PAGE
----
Heaven in C.S. Lewis's Cosmology The Rewriting of Revelation 21. 1- 22. 5 in "The Last Battle"

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Anne-Frédérique Mochel-Caballero


In the last chapter of the last volume of The Chronicles of Narnia, the protagonists arrive in Aslan’s country, Narnia’s equivalent of Heaven, or at least its outskirts. C.S. Lewis’s portrayal of this imaginary world is of course inspired by the Bible, and by previous literary depictions such as Bunyan’s Celestial City in The Pilgrim’s Progress or Dante’s Paradiso in The Divine Comedy, but it also has a unique quality. Although on the surface Lewis sometimes seems to contradict the Biblical hypotext, he never betrays the spirit of Chapters 21-22 of the book of Revelation. Indeed, he achieves the masterstroke of fleshing out this highly symbolic description of the new Jerusalem by presenting his young readers with a vivid and concrete picture, reassuring those of them who might dread being bored in paradise. The way in which he represents Heaven is arguably one of his most successful attempts at overcoming children’s potential misgivings and he accomplishes it by addressing the reader’s imagination through myth.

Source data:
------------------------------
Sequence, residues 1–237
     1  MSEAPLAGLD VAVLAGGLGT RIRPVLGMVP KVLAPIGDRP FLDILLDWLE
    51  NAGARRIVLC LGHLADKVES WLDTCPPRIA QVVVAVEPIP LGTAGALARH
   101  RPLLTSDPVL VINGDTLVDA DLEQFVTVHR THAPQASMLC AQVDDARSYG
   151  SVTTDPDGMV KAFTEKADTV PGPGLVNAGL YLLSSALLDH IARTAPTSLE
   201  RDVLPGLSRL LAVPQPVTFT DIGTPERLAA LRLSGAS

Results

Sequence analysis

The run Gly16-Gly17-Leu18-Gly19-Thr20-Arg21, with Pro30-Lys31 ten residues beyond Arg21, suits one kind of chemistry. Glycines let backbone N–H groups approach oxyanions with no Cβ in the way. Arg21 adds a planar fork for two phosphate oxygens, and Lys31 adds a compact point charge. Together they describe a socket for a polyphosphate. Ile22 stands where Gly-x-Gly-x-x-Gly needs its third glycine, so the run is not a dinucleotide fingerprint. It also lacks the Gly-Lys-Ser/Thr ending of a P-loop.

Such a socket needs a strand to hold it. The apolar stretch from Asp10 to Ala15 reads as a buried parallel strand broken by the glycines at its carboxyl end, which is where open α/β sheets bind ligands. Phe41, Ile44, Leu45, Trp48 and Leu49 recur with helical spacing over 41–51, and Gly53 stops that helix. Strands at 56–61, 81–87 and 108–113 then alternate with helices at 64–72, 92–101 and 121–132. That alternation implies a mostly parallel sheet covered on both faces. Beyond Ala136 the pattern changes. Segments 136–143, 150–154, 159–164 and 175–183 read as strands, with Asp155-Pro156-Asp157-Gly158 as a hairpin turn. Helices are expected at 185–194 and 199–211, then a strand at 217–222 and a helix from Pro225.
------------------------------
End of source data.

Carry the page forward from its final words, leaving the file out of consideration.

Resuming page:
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How to Cite
Mochel-Caballero, A.-F. “Heaven in C.S. Lewis’s Cosmology: The Rewriting of Revelation 21. 1- 22. 5 in ‘The Last Battle’”. Linguaculture, vol. 13, no. 1, June 2022, pp. 81-93, doi:10.47743/lincu-2022-1-0233.
Author Biography

Anne-Frédérique Mochel-Caballero, University of Picardie Jules Verne, Amiens

Anne-Frédérique MOCHEL-CABALLERO, PhD, is a lecturer in English literature at the University of Picardie Jules Verne in Amiens, France, and a member of the CORPUS research team. Her PhD, published in 2011, explores gender relations in the works of C.S. Lewis. Her research focuses on fantasy literature, gender issues and the interface between literature and theology. She has published articles on authors including C.S. Lewis, George MacDonald, Madeleine L’Engle, and J.K. Rowling.